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Are arcade games possible in QB? [answered]

Posted: Sun Nov 03, 2019 3:46 pm
by Alex
Is it possible to have real-time games with keyboard control in QB? I always wrote games that used mouse input or that didn't require real time control like RPGs and turn based games. Writing real time interfaces on 8-bit platforms was easy because you can poll the joystick and determine at any time if it is pressed a certain direction. Thus you can get as many samples per second as you need by polling that many times. But I've found on emulating a joystick with the cursor keys that is not the case with keyboard. Two problems come up. First, there is a lag after the key is pressed before it starts repeating. Second, it repeats at a fixed rate which is rather slow, on the order of 10 or 15 per second. This means that controlling an on screen sprite's movement is erratic. When the key is held down to continually move in one direction at first there is a single movement followed by a long delay followed by more movements, and unless each key poll results in moving many pixels it takes several seconds to move across even a small (320x200) screen. But moving several pixels could make it impossible to finely align the sprite with other on screen dangers. That's not fun in an arcade game if you can't pilot through the narrow tunnel or avoid the incoming shots because you can only move in big jerky movements.

So my question is how can one make arcade style games with real-time, fine-grained, player-controlled motion in QB? Is the mouse the ONLY option that everyone has or can we use the keyboard and if so how?

Re: Are arcade games possible in QB?

Posted: Tue Nov 05, 2019 9:24 am
by burger2227
INP(&H60) can be read into an array to do multiple key operations as demonstrated in the ping pong program here:

Re: Are arcade games possible in QB?

Posted: Tue Nov 05, 2019 11:05 am
by Alex
Do you know of another example? That example is very poor. There is no text explanation of what the code does and it is uncommented. I don't see how that code could do what it is supposed to.

Re: Are arcade games possible in QB?

Posted: Tue Nov 05, 2019 11:47 am
by burger2227
The Function records every key press code position into the keyflags% array as -1 or 0 if the key was released so reading certain key codes will tell if those keys were pressed, even more than one to move diagonally for instance. Codes above 127 are release codes:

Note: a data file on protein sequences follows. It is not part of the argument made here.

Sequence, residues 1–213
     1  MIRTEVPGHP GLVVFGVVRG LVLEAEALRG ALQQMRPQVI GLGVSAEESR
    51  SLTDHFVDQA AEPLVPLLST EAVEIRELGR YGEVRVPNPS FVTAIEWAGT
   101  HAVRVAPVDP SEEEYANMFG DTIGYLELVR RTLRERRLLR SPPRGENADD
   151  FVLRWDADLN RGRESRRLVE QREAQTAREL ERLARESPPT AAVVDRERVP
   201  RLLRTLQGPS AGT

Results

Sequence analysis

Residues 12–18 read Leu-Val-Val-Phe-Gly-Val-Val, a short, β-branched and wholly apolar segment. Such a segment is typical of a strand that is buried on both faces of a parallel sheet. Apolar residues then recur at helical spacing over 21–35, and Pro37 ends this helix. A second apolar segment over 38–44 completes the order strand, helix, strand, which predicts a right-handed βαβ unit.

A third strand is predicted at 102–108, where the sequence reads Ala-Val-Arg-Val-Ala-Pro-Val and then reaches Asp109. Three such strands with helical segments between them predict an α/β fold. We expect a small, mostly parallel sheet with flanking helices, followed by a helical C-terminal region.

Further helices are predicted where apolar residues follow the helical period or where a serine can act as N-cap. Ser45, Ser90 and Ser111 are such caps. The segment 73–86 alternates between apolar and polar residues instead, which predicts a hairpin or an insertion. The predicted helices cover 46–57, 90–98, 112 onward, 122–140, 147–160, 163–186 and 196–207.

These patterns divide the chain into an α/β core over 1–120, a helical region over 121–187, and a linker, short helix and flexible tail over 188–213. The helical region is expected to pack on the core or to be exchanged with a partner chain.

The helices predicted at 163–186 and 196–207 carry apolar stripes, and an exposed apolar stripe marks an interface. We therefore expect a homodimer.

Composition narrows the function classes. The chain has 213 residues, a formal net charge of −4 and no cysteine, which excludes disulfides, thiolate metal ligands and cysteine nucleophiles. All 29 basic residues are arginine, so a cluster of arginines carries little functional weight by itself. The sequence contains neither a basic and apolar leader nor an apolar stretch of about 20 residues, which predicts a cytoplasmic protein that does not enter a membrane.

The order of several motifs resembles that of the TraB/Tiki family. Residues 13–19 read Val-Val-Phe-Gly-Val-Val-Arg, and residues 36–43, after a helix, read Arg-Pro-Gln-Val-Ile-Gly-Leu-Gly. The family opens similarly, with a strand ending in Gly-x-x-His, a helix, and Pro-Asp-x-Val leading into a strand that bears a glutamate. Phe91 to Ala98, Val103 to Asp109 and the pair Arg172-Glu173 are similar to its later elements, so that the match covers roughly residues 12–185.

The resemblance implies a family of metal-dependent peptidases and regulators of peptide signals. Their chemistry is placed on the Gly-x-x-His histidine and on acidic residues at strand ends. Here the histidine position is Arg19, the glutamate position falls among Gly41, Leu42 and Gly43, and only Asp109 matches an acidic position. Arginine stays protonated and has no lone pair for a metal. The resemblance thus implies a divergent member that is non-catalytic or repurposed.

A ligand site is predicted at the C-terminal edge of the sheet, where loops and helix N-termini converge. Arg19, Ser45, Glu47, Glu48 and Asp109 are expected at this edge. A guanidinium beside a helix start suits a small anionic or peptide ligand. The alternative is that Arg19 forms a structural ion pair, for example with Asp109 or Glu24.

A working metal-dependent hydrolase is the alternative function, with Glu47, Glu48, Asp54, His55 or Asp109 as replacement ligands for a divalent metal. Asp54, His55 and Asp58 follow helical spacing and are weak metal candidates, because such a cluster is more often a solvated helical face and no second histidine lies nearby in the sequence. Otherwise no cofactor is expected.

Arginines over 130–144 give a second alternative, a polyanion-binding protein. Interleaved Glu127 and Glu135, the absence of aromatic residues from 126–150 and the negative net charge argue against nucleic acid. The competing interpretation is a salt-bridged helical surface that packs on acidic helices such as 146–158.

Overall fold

Code: Select all

FUNCTION ScanKey% (scancode%)
STATIC Ready%, keyflags%() ' ready = 0 re dims the array 
IF NOT Ready% THEN REDIM keyflags%(0 TO 127): Ready% = -1 'set up array
i% = INP(&H60) 'read keyboard states
IF (i% AND 128) THEN keyflags%(i% XOR 128) = 0 'key released
IF (i% AND 128) = 0 THEN keyflags%(i%) = -1 'key pressed
K$ = INKEY$ 'clears keboard buffer to prevent beeps
ScanKey% = keyflags%(scancode%) 'reads key code sent by program 
Try Example 3 with key codes of keyboard listed:

Re: Are arcade games possible in QB?

Posted: Tue Nov 05, 2019 1:05 pm
by Alex
After throwing away my assumptions I think I've mostly figured it out. It does NOT update multiple keys at the same time. It gives each key a value from 1-127 and then each call updates ONE key press or release status and removes one key from the buffer and throws it away. What it still doesn't explain is if calling INP(&H60) reads the live status of the keyboard or if there is an event queue that it reads the next event from. If I mash down five keys at the same time and later release all the keys at the same time, how does INP(&H60) react? If I don't call this routine for a while and there have been multiple presses or both presses and releases in that time what does it report since it only updates 1 key status at a time?

I think properly done this routine should be split into two. One that updates the keyflags%() array and is called regularly like in every iteration of the main program loop, and one that checks the keyflags%() array to answer if the key the programmer is interested in is currently depressed. Function ScanKey%() seems to be doing exactly the same thing that QB64's _KEYDOWN() built-in function does but it works in QB/QBasic whereas _KEYDOWN is QB64-only.

Re: Are arcade games possible in QB?

Posted: Wed Nov 06, 2019 3:49 pm
by burger2227
That is why I posted those programs

Re: Are arcade games possible in QB?

Posted: Wed Nov 06, 2019 3:52 pm
by Alex
Thank you, burger2227.

Re: Are arcade games possible in QB? [answered]

Posted: Mon Dec 16, 2019 11:12 pm
by MikeHawk
Damn I'm late. If you're still interested, I'm going to shamelessly plug my page here (don't mind the URL, it covers joystick, mouse, AND keyboard): ... index.html

Long story short: keyboards have no on-board memory. What they do is send ONE byte of information via port 0x60 whenever there's a key status CHANGE (a key has been pressed or has been released,) thus the value found at port 0x60 will remain the same until another status change happens. The data sent contains two sets of information: a scan code (bits 0 to 6) and the status change of the specified key (bit 7 - if set, the key has been released, if not set, the key has been pressed.) Your program will never be able to stay up-to-date on current key status because releasing multiple keys at once may rapid-fire data to port 0x60 while your program is busy (and therefore, won't catch the changes.)

The proper way to do it is by replacing the ISR (Interrupt Service Register) for keyboard handling (register 9, interrupt 0x21) on the BIOS level, because that interrupt is called whenever there's a change to port 0x60 (that's how iD Software did with Wolfenstein 3D.) In QBASIC, it used to be done by reserving memory via an array, writing an ASM program that would modify the content of that array according to port 0x60, and hijacking ISR9 so the ASM code would be called right when a keyboard change occurs.

Hope that helps.